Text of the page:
As uneven as the story can be, it thankfully cannot distract from the success of the art in The Witch and the Knight Will Survive. Gonbe Shinkawa's style is a perfect match for the darker tones this plot is reaching for while still instilling things with an appreciable amount of quirk. Ganancetia herself is a great example of that, as her looks fit in with the style of the story, yet once Shinkawa gets her moving and emoting, she becomes an earnestly enjoyable scroungy weirdo of a witch. It's the kind of eccentricities that broadly humanize a whole plot like this and the other people who come to reside in it. This sort of aside strangeness appreciably afflicts those other characters too, like Uhla's act of covering herself in bees, excused as being "just her thing." More characters who just have things, please; they add personality to this plot, and Shinkawa is inherently amusing at drawing them.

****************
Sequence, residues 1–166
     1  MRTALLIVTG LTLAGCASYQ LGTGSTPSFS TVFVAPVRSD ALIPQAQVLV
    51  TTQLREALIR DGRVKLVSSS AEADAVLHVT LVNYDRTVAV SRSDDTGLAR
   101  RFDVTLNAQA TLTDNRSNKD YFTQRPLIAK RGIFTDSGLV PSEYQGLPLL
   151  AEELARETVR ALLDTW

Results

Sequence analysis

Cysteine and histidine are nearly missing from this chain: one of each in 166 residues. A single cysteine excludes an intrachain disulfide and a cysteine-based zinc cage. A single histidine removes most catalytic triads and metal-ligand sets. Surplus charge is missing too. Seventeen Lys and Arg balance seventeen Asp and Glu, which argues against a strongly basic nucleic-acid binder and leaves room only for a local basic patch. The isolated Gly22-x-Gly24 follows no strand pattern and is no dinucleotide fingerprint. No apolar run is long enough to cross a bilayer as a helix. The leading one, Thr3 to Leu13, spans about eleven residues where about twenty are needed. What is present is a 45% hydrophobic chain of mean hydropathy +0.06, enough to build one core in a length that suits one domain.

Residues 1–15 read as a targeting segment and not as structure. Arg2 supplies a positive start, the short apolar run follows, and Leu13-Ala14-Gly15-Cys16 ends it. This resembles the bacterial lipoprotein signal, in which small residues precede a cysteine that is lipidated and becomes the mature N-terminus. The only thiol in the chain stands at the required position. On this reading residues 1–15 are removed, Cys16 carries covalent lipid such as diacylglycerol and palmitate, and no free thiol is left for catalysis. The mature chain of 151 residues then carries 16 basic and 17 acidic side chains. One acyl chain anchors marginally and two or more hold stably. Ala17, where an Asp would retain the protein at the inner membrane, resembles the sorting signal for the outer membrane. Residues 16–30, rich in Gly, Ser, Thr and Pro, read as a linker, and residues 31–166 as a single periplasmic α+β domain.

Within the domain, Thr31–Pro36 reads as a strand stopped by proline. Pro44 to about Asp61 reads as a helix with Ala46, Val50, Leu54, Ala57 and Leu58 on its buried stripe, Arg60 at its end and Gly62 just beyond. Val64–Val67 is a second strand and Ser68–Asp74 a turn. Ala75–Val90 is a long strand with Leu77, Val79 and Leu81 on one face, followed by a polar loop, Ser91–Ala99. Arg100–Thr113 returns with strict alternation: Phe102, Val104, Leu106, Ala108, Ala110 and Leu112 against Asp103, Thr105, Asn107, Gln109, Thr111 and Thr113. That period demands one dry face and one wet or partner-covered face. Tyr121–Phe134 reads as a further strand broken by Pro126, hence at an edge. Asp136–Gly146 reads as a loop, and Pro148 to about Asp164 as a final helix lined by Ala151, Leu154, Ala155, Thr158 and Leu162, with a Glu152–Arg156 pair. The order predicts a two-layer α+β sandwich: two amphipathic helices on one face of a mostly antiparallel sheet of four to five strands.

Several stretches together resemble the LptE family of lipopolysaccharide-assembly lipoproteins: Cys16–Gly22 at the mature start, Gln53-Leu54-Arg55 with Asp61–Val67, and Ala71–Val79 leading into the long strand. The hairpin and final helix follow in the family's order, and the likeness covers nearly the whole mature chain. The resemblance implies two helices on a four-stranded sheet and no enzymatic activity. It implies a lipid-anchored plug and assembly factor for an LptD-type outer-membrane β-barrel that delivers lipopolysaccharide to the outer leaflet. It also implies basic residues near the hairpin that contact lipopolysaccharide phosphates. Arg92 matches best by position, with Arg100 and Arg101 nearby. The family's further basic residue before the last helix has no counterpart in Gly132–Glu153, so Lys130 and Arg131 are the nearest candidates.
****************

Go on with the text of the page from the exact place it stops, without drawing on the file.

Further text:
Even beyond the visual aspects of selling characterization, where the actual writing might prove too messy, the art also carries this book once the action in-between these zig-zagging exposition arcs gets going. Huge pages and panel spreads are deployed when best necessary. The flow of combat can occasionally get a little tricky to keep straight, but then you catch sight of a maneuver like a character using their foot to further push a sword slash, and you get back to enjoying the visceral aspects of it all. And that's before you get to the book embracing its odder impulses even in the midst of that action, like a bit where we see Agredios just flung Ganancetia at a cart driver. As with so much else in The Witch and the Knight Will Survive, that contrast is key.